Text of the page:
Amazon Web Services CEO Andy Jassy runs a gargantuan business that did nearly $26 billion in revenue last year.
But one of its newest products, the facial recognition software Rekognition, has recently caused outsized controversy for Amazon’s cloud computing unit.
So Jassy says he’d like to see federal regulation that would provide guidance on how the tech should — and shouldn’t — be used.
“I wish they’d hurry up. … Otherwise, you’ll have 50 different laws in 50 different states,” Jassy told Recode’s Kara Swisher Monday in an interview at the Code Conference in Scottsdale, Arizona.
Amazon’s Rekognition software lets its customers, which include corporations and law enforcement agencies, match photos and videos with databases of photos, such as those of criminals, in real time.
That has led to outrage both inside and outside of Amazon. Hundreds of Amazon employees have called out AWS, along with civil liberties groups and lawmakers, for marketing Rekognition to police, ICE, and other law enforcement agencies, because they fear the powerful technology could be misused.
Case in point: Last summer, the ACLU tested the Rekognition software and found that it incorrectly matched 28 members of Congress with mugshots of people who have committed a crime. The false matches disproportionately involved members of Congress who are people of color. Amazon said the ACLU had used the wrong setting for the software.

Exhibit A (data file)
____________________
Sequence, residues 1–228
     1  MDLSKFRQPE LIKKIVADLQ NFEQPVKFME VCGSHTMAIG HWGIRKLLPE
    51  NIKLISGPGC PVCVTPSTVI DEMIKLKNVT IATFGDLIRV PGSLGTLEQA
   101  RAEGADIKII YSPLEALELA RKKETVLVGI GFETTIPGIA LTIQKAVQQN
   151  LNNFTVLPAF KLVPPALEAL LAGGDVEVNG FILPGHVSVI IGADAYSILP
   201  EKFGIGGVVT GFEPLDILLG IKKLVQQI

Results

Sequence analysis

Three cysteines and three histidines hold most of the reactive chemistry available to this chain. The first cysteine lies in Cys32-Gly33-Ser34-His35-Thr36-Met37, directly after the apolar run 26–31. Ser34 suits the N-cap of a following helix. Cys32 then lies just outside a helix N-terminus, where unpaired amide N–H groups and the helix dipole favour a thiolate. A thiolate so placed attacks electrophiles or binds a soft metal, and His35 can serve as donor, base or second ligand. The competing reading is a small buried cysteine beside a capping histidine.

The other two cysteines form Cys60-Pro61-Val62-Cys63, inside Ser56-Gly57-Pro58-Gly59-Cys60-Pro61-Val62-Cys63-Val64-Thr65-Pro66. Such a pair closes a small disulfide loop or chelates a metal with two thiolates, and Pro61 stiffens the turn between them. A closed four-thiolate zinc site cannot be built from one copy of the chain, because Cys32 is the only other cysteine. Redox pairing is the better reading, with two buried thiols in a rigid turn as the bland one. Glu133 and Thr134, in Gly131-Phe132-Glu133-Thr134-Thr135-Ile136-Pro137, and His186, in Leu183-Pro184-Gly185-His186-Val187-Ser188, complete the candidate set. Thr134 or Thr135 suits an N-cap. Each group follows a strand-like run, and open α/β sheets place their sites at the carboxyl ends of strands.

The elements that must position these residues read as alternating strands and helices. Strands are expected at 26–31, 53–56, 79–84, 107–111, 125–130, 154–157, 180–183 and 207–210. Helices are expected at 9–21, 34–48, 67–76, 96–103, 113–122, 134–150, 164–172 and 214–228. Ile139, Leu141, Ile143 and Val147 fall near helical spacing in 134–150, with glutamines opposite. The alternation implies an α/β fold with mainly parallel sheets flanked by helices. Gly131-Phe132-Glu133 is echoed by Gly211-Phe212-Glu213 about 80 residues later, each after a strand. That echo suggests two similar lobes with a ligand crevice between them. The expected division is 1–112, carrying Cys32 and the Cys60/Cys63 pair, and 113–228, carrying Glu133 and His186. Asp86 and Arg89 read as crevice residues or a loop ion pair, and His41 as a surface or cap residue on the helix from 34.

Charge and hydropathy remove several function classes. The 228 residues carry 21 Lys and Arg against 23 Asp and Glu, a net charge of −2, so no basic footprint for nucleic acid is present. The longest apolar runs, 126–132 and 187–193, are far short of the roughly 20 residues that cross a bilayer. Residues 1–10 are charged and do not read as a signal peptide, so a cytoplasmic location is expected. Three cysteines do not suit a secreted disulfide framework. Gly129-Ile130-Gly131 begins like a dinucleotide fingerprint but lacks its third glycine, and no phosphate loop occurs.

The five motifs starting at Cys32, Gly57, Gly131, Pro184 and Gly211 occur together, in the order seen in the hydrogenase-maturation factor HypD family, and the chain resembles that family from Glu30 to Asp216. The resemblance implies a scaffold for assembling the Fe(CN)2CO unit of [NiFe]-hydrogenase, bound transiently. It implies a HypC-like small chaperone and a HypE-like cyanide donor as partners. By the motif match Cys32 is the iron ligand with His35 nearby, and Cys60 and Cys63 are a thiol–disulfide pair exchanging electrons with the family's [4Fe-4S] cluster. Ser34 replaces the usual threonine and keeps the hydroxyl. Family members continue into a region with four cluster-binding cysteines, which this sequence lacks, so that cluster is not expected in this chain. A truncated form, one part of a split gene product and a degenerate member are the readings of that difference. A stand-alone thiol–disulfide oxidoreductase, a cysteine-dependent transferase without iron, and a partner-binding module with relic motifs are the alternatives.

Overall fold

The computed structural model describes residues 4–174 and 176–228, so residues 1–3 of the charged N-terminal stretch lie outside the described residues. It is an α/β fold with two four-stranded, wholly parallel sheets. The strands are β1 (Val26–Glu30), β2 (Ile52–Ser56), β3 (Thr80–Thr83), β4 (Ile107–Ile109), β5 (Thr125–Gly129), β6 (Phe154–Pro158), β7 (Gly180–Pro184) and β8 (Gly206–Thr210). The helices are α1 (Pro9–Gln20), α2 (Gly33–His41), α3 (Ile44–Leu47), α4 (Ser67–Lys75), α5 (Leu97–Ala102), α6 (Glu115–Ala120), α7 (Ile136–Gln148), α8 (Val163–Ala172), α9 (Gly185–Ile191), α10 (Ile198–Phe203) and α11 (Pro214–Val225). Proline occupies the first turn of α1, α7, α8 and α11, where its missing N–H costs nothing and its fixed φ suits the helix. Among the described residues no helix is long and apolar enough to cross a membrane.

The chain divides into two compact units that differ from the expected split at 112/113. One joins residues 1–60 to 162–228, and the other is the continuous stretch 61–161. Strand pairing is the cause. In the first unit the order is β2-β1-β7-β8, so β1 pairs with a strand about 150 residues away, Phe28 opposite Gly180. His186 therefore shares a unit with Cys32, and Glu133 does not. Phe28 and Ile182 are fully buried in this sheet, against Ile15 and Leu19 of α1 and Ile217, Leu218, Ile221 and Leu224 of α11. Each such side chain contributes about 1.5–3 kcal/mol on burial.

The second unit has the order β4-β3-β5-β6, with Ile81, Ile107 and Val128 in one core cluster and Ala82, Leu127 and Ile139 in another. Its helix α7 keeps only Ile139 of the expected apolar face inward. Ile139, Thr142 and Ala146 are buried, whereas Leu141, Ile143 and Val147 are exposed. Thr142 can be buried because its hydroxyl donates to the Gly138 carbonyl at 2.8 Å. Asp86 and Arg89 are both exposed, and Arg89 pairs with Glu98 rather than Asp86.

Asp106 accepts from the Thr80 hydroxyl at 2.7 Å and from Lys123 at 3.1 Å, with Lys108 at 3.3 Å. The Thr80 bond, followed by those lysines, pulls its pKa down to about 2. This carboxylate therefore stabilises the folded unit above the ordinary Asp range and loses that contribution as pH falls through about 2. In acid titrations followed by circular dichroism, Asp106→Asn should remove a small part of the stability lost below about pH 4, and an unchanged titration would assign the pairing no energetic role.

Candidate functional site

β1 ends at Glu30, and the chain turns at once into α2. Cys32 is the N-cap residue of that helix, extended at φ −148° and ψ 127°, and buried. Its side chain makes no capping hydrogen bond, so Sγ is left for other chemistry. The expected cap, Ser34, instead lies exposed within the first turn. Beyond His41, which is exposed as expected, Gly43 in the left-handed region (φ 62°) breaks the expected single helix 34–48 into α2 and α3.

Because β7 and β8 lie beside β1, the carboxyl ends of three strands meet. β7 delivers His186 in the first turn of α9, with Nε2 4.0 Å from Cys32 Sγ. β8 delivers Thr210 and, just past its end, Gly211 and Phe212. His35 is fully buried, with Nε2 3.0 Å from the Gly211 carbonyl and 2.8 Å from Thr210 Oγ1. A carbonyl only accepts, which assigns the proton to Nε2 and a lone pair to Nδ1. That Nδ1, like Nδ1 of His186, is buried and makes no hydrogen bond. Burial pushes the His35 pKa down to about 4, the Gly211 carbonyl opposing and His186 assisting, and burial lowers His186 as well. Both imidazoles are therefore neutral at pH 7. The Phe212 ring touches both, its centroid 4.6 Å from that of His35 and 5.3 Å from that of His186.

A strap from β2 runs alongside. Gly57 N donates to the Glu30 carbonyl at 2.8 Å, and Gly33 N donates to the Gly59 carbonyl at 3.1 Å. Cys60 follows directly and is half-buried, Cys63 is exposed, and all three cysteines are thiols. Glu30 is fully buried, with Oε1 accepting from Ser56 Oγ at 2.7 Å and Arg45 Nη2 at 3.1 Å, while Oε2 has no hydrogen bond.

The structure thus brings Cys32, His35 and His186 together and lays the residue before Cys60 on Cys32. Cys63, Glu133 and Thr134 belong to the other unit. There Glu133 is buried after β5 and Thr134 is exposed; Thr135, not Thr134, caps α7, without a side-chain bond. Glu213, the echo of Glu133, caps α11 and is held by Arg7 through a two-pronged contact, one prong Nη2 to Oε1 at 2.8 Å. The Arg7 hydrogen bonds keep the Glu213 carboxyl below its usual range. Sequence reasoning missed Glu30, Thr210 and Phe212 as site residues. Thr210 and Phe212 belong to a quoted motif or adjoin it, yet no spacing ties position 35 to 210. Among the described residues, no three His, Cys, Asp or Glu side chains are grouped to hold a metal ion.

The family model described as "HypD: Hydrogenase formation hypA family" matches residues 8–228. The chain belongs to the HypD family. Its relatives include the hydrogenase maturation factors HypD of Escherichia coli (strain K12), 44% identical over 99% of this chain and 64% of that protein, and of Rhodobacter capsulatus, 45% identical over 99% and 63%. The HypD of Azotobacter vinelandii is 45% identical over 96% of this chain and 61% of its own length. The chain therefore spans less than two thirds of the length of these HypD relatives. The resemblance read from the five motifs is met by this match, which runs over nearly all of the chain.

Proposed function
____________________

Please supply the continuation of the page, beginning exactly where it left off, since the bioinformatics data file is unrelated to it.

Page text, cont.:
Amazon has since outlined proposed ethical guidelines for facial recognition use, and said it supports calls for national legislation related to the technology.
Jassy reiterated that stance on Monday. But he said Amazon would continue selling the software.
“Just because tech could be misused doesn’t mean we should ban it and condemn it,” he said.
He compared the technology to other things that can be misused: Like email, with a reference to the hack of Sony’s email system several years ago.
And … a knife.
“You could use a knife in a surreptitious way,” he said.
Amazon employees confronted execs about the technology with questions at an all-staff meeting in the fall. Jassy told them that while he thinks a wide range of opinions on the topic is “great,” the company felt good about the technology and the customers using it.
He reiterated that stance on Monday evening, saying that one of Amazon’s leadership principles is “Have backbone; disagree and commit.”
Translation: We heard your objection, employees. But we disagree.
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